Considering that for most companies payroll is the largest cost of doing business, a moderate percentage increase in wages will add substantial absolute costs to the business.
These costs, inevitably get passed on to consumers in the form of higher prices for the goods and services that the company provides.
As we learned, higher prices feed directly into the CPI, pushing this value, and thus inflation, higher.
2. Energy Prices
In April, electricity and gas bill increases accounted for three-quarters of the increase in inflation, according to the ONS.
Many consumers have experienced the skyrocketing energy bills that have come as a result of the sanctions against Russia.
In 2021, 40% of gas burned in the EU came from Russia.
With pressure from many pro-Ukranian sources to stop consumption of Russian energy, the total supply in the market has been slashed.
Coupled with this, demand for energy has been on the rise, fueled by increased economic activity as countries emerge from the pandemic and colder than usual temperatures this past winter and spring.
Declining supply paired with increasing demand leads to higher prices.
3. Increased money supply and general demand
The last primary reason for the recent inflationary spike comprises of two closely interrelated facets: increased money supply and higher demand.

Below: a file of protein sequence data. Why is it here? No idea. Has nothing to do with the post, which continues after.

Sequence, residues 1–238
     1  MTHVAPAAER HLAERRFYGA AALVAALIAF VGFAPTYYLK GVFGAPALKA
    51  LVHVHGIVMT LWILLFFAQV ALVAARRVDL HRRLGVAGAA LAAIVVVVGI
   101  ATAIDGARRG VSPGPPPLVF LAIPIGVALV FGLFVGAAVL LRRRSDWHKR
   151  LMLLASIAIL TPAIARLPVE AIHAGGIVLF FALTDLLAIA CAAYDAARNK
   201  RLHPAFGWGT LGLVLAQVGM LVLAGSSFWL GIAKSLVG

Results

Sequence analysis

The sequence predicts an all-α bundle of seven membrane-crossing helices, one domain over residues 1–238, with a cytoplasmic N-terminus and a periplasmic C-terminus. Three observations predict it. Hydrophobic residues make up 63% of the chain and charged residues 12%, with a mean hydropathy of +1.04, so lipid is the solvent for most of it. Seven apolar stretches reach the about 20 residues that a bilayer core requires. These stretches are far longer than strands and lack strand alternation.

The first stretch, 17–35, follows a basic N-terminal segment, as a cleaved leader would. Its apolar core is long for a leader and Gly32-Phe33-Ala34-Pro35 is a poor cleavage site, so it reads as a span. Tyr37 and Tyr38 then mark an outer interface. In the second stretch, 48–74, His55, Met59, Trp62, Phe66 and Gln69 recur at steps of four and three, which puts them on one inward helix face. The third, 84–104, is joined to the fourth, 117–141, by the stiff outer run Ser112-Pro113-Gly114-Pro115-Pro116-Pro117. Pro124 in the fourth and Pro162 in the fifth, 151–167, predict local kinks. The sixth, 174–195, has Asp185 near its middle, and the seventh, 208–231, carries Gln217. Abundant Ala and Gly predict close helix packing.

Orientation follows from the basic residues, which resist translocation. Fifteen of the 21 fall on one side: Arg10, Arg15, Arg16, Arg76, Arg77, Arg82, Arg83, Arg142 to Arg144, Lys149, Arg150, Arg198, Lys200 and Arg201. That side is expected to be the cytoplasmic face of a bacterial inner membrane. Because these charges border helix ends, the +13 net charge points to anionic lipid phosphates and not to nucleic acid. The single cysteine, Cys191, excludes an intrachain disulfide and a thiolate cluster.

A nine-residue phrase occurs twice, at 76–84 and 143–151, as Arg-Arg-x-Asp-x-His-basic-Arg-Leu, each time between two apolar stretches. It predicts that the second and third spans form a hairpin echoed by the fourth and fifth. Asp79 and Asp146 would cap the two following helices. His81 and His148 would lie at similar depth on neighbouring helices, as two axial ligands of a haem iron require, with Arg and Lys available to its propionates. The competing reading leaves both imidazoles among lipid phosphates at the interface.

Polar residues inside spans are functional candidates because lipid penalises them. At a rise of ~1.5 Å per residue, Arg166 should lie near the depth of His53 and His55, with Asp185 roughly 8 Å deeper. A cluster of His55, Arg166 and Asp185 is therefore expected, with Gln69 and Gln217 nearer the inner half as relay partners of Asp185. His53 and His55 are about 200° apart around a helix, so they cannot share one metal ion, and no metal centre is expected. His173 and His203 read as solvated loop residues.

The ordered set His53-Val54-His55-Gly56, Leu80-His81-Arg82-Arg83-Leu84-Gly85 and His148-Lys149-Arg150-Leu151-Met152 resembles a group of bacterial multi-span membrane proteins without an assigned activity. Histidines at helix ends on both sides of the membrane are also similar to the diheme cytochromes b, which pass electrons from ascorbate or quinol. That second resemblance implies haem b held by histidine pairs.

During the peak of the COVID-19 crisis many governments around the world released ample supportive finance to assist citizens who were adversely impacted by lockdowns.
This led to a sharp increase in M2 – a measure of the money supply that includes cash, checking deposits, and easily-convertible near money – in early 2020, followed by steady growth in the years since.
M2 is a widely scrutinised metric and many consider it to be an indicator of future inflation.
In addition, this widespread and relatively equal distribution of new capital has led to increased consumer demand.
People have extra money and they want to spend it.
Even though prices are rising, pent up demand from the pandemic coupled with this additional cash means that consumer purchasing behaviour is not yet reflecting an inflationary environment.
Consumers are buying what they want and just accepting the fact that it is costing them a little bit extra to do so.
Part of this is powered by low-interest rates, still lingering after they were cut by many central banks at the start of the pandemic.
Low rates – which are just beginning to increase in many countries – mean that it is less expensive for consumers to make purchases using borrowed money. For trade finance, low CPI rates mean less purchasing – find out more about what is CFD here.
Effectively, more money generally has driven larger amounts of demand for many goods that suppliers are unable to increase production to match.
Again, we run into a situation of supply and demand economics pushing prices higher.